The center of our galaxy is teeming with black holes, sort of like a Times Square for strange super gravity objects, astronomers have discovered.
For decades, scientists theorized that circling in the center of galaxies, including ours, were lots of stellar black holes, collapsed giant stars where gravity is so strong even light does not get out, but they had not seen evidence of them in the Milky Way core until now.
Astronomers poring over old X-ray observations have found signs of a dozen black holes in the inner circle of the Milky Way and since most black holes cannot even be spotted that way, they calculate that there are likely thousands of them.
They estimate it could be about 10,000 or more, according to a study in Wednesday’s edition of Nature.
“There’s lots of action going on there,” said lead author Chuck Hailey, a Columbia University astrophysicist. “The galactic center is a strange place. That’s why people like to study it.”
The stellar black holes are in addition to — and essentially circling — the already known supermassive black hole, Sagittarius A, that is at the center of the Milky Way.
In the rest of the massive Milky Way, scientists have only spotted about five dozen black holes so far, Hailey said.
The newly discovered black holes are within about 30.9 trillion kilometers of the supermassive black hole at the center so there is still a lot of empty space and gas amid all those black holes, but if you took the equivalent space around Earth there would be zero black holes, not thousands, Hailey said.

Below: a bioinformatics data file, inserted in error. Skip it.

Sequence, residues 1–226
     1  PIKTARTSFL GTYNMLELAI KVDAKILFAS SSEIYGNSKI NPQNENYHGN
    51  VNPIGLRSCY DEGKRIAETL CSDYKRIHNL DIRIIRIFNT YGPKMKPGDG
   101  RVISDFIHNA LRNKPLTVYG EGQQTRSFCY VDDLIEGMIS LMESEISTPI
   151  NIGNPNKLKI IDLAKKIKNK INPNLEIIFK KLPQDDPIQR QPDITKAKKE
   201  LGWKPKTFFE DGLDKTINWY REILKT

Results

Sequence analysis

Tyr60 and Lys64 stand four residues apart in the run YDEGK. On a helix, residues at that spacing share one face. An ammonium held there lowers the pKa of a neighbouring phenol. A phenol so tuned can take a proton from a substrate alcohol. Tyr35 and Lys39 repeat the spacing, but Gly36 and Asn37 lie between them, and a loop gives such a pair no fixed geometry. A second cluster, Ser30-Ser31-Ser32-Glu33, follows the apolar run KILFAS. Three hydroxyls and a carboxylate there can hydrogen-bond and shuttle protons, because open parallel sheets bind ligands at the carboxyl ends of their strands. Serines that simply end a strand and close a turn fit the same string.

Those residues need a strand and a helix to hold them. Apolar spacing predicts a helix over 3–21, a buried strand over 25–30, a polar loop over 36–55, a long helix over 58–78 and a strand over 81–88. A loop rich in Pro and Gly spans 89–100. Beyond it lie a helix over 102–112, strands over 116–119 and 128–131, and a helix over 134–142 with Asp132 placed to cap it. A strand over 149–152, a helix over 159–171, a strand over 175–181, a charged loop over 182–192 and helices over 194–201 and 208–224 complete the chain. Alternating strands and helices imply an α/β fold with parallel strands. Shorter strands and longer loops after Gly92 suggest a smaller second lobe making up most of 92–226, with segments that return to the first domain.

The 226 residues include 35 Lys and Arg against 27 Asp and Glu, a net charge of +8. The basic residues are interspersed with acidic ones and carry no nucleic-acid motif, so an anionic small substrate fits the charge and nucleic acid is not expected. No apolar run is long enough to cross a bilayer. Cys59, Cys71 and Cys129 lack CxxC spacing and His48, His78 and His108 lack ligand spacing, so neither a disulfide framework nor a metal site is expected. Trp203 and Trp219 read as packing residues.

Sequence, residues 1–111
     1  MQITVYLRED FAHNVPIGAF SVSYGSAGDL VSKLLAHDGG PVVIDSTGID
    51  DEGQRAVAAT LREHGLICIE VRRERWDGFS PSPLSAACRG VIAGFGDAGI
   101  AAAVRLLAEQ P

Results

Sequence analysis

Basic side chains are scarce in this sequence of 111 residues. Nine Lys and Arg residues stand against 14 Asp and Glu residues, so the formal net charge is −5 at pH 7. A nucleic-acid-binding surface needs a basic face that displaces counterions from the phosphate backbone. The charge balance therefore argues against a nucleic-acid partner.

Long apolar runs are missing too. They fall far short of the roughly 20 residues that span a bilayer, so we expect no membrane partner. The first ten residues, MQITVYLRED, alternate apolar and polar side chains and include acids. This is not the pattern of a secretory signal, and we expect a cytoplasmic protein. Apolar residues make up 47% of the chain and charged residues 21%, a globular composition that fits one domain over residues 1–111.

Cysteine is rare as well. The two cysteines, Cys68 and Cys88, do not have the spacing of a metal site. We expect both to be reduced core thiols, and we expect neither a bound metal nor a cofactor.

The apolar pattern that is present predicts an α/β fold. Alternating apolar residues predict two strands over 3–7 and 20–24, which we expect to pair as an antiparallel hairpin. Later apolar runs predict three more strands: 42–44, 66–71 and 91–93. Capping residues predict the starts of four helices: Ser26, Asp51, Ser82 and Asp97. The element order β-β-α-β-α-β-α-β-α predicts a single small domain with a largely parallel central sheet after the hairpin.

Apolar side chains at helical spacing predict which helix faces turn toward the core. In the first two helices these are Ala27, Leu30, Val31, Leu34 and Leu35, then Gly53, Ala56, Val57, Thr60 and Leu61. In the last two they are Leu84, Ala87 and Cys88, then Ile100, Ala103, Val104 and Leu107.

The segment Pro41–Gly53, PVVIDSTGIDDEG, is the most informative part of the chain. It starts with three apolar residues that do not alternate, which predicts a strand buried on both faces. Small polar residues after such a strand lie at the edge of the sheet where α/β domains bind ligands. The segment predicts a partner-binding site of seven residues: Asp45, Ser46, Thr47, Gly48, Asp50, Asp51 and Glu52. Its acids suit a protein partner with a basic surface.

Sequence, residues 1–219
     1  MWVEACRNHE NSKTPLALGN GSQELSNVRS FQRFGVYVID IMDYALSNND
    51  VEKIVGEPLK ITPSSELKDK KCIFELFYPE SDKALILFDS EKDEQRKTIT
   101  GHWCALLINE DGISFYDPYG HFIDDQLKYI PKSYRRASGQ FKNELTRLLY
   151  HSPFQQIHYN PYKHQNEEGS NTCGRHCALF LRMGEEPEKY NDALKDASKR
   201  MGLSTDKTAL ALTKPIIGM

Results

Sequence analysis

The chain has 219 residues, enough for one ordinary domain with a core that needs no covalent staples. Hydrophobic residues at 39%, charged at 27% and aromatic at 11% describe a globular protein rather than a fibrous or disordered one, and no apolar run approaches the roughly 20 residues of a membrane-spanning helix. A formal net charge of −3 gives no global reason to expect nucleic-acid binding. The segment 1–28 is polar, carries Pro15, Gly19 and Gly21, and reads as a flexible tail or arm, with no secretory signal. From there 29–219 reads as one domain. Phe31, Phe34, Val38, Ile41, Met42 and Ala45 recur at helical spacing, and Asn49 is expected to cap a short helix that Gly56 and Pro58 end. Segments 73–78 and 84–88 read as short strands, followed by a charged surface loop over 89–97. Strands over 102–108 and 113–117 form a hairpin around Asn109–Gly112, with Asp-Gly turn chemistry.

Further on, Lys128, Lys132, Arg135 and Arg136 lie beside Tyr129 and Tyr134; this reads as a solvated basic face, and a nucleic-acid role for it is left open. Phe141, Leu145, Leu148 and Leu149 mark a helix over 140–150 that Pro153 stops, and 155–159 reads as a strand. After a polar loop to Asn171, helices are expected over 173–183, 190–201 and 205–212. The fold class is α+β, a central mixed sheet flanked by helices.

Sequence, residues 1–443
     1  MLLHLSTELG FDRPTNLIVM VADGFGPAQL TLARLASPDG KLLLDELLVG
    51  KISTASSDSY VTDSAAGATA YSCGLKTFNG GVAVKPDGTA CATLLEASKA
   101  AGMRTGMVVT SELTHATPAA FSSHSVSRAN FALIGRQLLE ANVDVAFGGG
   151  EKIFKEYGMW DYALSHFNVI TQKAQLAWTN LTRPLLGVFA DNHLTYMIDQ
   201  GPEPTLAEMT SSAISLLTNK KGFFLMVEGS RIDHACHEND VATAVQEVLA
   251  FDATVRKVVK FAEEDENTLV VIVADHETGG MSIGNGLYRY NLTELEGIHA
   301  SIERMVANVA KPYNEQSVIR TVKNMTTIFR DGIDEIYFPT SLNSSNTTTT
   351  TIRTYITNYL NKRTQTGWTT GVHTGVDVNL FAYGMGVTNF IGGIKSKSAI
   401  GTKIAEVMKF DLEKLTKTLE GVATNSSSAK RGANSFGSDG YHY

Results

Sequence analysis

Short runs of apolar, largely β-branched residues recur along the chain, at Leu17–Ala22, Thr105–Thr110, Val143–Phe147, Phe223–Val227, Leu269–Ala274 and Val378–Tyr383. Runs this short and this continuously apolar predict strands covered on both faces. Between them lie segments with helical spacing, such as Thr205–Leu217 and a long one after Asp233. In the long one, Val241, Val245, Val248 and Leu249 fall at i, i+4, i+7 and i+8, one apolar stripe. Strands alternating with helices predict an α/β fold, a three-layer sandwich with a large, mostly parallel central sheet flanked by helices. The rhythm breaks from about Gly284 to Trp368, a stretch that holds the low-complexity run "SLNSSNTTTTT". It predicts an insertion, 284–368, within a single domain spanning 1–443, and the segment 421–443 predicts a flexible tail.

Earth is in a spiral arm about 3,000 light-years away from the center of the galaxy.
Harvard astronomer Avi Loeb, who was not part of the study, praised the finding as exciting, but confirming what scientists had long expected.
The newly confirmed black holes are about 10 times the mass of our sun, as opposed to the central supermassive black hole, which has the mass of 4 million suns.
Also the ones spotted are only the type that are binary, where a black hole has partnered with another star and together they emit large amount of X-rays as the star’s outer layer is sucked into the black hole.
Those X-rays are what astronomers observe.
When astronomers look at closer binary black hole systems they can calculate the ratio between what is visible and what is too faint to be observed from far away.
Using that ratio, Hailey figures that even though they have only spotted a dozen there must be 300 to 500 binary black hole systems, but binary black hole systems are likely only 5 percent of all black holes, so that means there are really thousands of them.
There are good reasons the Milky Way’s black holes tend to be in the center of the galaxy, Hailey said.
First, their mass tends to pull them to the center, but mostly the center of the galaxy is the perfect “hot house” for black hole formation, with lots of dust and gas.
It is “sort of like a little farm where you have all the right conditions to produce and hold on to a large number of black holes,” Hailey said.
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